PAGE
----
Second, the Final Rule provides DHS the authority to impose civil fines and orders to cease operations for failing to register without offering exemptions for low risk targets. Finally, the registration requirement will include complex and detailed communications requiring back and forth between DHS and the regulated individuals potentially increasing the cost above the projections estimated by DHS. For instance, an elderly family farmer in rural Iowa who has stored propane for years and lives at least 10 miles from the nearest neighbor could be subject to these regulations and required to hire an attorney just to ensure that the registration is completed properly. All this would be required prior to DHS finding and determining that such facilities are a threat to homeland security.
An additional concern that arises as a result of the CFATS Final Rule is the potential increase in propane tankers that will be traveling our highways. DHS has acknowledged that the safest point in the propane distribution network is stationary storage and the weakest is product transfer. Given the current listed threshold of 7,500 pounds, many individuals that currently have capacity greater than 7,500 pounds may choose to limit the amount of propane they store below the threshold level. Consequently, these individuals may require more trips from propane distributors to keep their tanks full during the winter heating season. As a result, the rule may have an unintended consequence of creating more vulnerable targets-propane tanker trucks-that will travel our highways and roads with increased frequency to meet this new demand for more frequent fillings.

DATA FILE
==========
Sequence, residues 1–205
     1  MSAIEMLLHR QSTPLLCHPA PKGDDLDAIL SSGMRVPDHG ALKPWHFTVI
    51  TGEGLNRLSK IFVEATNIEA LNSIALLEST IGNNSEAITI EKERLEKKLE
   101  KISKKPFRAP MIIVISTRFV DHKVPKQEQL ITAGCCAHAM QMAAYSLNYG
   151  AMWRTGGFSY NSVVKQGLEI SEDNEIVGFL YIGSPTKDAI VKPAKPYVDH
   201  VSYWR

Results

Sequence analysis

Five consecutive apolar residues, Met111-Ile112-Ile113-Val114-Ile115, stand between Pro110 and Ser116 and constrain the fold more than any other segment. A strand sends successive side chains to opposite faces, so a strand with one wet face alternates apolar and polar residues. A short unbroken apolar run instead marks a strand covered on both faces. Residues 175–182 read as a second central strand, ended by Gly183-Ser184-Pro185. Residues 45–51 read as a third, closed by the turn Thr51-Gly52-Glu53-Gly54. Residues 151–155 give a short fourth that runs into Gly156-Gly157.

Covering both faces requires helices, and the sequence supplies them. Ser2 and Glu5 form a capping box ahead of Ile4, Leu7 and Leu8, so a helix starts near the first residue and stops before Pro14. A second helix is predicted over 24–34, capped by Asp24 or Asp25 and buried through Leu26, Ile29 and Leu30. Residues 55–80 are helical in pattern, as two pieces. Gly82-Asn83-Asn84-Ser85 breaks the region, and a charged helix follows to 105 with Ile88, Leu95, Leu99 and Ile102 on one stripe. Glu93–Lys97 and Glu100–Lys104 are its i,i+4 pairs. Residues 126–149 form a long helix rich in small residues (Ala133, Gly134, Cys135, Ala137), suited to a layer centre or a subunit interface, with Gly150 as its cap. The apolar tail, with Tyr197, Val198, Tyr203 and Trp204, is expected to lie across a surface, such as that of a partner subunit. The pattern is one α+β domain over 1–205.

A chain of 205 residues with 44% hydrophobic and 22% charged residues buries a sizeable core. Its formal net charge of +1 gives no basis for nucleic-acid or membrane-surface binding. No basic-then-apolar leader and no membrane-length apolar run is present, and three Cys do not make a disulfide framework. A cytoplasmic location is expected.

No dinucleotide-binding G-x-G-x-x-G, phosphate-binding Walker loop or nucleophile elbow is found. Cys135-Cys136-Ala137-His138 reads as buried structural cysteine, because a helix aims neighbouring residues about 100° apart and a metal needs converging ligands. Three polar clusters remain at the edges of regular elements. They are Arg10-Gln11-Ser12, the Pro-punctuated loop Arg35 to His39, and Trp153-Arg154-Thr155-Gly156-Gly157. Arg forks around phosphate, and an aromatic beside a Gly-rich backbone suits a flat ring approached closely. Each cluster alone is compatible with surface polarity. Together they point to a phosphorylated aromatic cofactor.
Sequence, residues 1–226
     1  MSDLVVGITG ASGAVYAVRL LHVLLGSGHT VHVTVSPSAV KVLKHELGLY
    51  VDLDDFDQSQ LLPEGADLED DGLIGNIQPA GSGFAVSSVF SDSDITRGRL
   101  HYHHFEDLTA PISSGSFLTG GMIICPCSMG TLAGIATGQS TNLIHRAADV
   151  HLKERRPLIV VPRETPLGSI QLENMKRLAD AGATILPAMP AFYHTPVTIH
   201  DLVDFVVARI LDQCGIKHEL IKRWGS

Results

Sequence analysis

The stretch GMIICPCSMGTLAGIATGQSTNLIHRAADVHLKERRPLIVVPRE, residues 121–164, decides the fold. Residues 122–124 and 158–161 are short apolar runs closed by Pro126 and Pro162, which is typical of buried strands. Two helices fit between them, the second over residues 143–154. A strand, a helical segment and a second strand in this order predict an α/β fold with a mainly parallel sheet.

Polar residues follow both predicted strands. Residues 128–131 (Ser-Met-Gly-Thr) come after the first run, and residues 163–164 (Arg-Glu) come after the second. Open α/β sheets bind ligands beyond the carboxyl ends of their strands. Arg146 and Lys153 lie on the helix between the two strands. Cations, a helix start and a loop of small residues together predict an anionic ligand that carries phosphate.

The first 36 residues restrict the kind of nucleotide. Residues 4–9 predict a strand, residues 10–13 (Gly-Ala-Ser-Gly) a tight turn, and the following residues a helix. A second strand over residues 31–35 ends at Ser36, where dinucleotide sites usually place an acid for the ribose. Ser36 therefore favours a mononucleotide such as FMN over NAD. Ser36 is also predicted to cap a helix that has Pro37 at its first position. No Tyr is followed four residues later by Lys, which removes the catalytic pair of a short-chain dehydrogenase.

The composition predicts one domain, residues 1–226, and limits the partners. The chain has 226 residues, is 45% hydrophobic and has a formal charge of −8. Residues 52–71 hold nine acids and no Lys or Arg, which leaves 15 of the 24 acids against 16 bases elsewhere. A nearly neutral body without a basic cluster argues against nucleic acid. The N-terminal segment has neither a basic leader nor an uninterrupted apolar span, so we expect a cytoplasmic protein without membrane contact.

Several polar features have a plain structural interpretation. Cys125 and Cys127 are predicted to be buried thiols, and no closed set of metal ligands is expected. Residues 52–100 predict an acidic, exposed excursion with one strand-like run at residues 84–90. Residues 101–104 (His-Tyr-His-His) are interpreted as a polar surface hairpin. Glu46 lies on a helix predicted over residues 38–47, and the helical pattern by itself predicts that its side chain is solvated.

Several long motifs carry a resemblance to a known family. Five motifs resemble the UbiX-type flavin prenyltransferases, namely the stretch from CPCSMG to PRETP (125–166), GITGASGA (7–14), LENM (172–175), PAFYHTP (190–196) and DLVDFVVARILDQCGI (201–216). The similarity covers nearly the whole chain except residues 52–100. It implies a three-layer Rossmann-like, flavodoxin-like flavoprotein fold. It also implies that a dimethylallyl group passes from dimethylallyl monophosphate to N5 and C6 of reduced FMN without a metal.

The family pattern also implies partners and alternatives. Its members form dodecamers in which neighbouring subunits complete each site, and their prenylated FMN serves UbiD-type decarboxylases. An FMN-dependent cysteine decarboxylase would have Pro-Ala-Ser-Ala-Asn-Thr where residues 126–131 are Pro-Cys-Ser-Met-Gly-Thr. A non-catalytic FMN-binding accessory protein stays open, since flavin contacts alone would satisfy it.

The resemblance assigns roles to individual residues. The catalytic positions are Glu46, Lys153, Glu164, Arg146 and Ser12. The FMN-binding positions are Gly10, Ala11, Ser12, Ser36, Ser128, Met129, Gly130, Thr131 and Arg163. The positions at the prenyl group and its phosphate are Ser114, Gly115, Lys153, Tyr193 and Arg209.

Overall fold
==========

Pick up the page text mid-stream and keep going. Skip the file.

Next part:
Appendix A is not yet finalized and DHS still has time to amend the threshold quantities of propane in Appendix A to reduce this impact on rural Americans. Allowing
Appendix A to become a final addendum to the CFATS Final Rule with the current threshold of 7,500 pounds of propane would place a serious hardship upon thousands of law abiding Americans who use propane to heat their homes and run their businesses.
The Office of Information and Regulatory Affairs (OIRA) at OMB concluded a review the CFATS on April 2, 2007. However, as Appendix A remains incomplete, the full burden of the CFATS regulations has not been felt. Accordingly, as the Acting Director of the Office of Management and Budget, we ask that OMB review the impact Appendix A of the CFATS Final Rule will have and ensure that DHS includes a limited exemption for rural home, agricultural, and small businesses uses.
Thank you for your prompt attention to this matter and for considering the disproportionate impact this CFATS Final Rule and Appendix A may have on rural American homeowners, farmers, and small businesses.